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Ban on polythene bags opens doors for new entrepreneurs

Kerio Women Bags, an alternative for plastic bags which are now banned in the country. PHOTO | BARNABAS BII | NMG
Kerio Women Bags, an alternative for plastic bags which are now banned in the country. PHOTO | BARNABAS BII | NMG 

The ban on plastic bags has bred a new crop of entrepreneurs around the country. Shoppers are slowly adjusting to life without the plastic bags with traders swapping plastics for cartons, paper bags and envelopes.

After the ban, the Kenya Bureau of Standards Quality Assurance and Inspection Director Eric Chesire named biodegradable materials that include canvas, polypropylene and cloth as alternatives and said they are now available in the market.

The move has turned out to be a blessing in disguise to some, such as a group of women in Turkana County who have invested in eco-friendly shopping kits.

Members of the group calling themselves Kerio Women group are now using palm tree leaves to weave eco-friendly baskets whose demand is rising by the day.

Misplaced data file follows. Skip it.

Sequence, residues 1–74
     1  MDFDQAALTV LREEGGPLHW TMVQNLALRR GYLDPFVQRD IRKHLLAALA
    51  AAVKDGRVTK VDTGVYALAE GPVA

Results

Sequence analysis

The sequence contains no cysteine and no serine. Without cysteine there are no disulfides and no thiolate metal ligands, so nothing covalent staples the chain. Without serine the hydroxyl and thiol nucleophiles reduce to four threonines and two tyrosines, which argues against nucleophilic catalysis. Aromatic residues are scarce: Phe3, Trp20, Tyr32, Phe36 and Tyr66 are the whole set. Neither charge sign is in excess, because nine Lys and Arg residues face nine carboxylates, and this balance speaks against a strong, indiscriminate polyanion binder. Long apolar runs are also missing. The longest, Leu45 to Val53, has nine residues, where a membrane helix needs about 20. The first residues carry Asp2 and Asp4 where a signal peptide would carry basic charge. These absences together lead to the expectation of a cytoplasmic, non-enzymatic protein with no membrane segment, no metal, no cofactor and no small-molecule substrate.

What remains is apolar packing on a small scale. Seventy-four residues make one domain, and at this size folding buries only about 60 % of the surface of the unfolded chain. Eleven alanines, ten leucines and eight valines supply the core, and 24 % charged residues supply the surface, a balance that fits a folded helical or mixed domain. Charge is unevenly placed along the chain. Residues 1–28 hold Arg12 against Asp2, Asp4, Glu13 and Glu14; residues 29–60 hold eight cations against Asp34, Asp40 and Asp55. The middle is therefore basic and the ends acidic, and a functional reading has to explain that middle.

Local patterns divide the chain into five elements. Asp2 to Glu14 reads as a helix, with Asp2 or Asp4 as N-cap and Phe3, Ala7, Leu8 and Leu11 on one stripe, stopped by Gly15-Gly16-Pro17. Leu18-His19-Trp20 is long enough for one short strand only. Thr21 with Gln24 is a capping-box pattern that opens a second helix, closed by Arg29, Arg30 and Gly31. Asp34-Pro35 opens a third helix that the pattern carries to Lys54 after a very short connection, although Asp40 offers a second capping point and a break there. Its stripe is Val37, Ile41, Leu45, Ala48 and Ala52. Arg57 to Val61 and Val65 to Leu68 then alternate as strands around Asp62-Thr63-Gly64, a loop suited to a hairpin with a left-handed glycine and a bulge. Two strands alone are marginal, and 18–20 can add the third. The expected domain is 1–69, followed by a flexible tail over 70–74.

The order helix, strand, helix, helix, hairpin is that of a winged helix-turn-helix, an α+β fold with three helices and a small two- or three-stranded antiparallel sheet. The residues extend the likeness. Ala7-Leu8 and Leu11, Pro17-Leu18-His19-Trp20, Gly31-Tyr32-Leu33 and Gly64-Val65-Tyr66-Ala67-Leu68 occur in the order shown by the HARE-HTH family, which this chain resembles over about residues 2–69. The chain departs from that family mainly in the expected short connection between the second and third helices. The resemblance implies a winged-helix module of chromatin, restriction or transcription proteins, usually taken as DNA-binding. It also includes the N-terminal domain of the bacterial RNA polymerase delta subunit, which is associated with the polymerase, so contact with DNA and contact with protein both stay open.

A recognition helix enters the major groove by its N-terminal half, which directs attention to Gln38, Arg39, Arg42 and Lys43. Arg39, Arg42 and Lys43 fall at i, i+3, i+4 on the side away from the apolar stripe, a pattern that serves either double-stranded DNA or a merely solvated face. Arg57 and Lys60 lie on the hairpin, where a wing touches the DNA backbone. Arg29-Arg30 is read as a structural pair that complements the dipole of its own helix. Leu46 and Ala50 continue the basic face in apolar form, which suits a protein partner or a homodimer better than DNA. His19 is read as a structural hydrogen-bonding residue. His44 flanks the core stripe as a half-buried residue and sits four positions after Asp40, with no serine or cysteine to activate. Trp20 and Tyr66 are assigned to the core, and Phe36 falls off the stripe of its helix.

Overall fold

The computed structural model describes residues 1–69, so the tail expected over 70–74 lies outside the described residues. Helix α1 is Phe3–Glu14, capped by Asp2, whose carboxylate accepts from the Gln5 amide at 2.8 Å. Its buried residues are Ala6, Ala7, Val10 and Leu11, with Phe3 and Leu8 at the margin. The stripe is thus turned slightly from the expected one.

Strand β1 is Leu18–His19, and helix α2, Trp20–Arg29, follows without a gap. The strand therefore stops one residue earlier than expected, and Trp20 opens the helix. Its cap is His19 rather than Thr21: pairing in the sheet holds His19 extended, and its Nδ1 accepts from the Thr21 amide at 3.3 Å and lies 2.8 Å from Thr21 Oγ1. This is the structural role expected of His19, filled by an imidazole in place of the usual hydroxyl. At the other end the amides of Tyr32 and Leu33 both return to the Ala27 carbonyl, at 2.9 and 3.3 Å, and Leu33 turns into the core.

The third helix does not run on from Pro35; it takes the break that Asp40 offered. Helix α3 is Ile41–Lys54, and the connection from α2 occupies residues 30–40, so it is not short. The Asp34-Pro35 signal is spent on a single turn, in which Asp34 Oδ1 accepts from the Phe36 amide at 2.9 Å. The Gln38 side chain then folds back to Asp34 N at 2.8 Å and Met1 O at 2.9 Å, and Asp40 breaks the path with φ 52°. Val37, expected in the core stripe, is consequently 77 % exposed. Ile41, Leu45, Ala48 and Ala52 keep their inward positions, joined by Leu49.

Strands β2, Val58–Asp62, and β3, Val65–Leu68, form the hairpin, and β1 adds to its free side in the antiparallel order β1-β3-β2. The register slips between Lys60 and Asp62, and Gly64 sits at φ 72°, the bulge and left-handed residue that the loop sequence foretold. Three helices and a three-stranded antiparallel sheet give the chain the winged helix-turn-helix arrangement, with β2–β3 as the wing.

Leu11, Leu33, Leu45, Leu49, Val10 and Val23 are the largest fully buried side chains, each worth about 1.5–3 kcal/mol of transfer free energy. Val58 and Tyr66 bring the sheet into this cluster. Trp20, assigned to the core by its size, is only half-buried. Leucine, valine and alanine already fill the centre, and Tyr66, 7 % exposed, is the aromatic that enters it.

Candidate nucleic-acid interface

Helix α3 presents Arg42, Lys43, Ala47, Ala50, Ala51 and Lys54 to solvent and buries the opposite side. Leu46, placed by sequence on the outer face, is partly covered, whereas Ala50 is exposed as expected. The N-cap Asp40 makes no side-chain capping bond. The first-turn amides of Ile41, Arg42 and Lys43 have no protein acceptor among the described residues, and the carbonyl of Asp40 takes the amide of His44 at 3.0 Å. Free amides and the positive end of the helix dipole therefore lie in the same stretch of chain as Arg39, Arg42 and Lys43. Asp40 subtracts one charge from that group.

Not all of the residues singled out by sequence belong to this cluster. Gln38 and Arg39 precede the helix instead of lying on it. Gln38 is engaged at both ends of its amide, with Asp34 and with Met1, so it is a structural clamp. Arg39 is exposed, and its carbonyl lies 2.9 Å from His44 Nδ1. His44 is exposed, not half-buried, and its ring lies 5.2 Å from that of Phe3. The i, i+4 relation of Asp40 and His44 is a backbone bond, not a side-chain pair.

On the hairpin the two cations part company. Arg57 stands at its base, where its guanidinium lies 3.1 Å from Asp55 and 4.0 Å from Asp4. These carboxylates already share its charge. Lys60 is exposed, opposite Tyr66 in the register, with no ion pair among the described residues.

“We are receiving a lot of orders from cereal and fruit vendors who are switching from plastic to biodegradable bags,” said Mrs Mary Erakai, the leader of the group from Turkana Central sub-county.

“For a long time, we earned low profits from the palm tree bags due to low demand because most clients preferred plastic bags which were cheap,” said Mrs Erakai.

She pooled resources with her husband Eloto Ekwee after receiving support from Hunger Safety Net Programme to invest in shopping baskets, mats and brooms made from the palm tree leaves.

They target markets in Lodwar, Kitale and Eldoret for the recyclable shopping bags which go for between Sh100 and Sh300 a piece.

“We generate a net profit of Sh20,000 monthly from the business which has enabled us to take our children to school and afford a decent meal,” said Mrs Erakai noting that the business has created employment to five women weavers.

Despite an increase in the cost of commodities as traders pass on the extra charge, those producing eco-friendly packs are not complaining.

“We have no alternative but to transfer the cost of the bags to consumers, which has resulted in an increase in price of some commodities,” said Wilson Maina, a trader at Eldoret retail market.

A spot check by the Sunday Nation in Eldoret showed that most recyclable bags cost an average of Sh20 to Sh50.

Some plastic bags dealers say they were left with stocks worth thousands of shillings when the ban took effect.

About 12 other African countries have instituted taxes, full, or partial bans on plastic bags, including Rwanda, Mauritania, and South Africa.

The East African community has been considering a regional ban. More than 40 countries around the world have similar policies in place.

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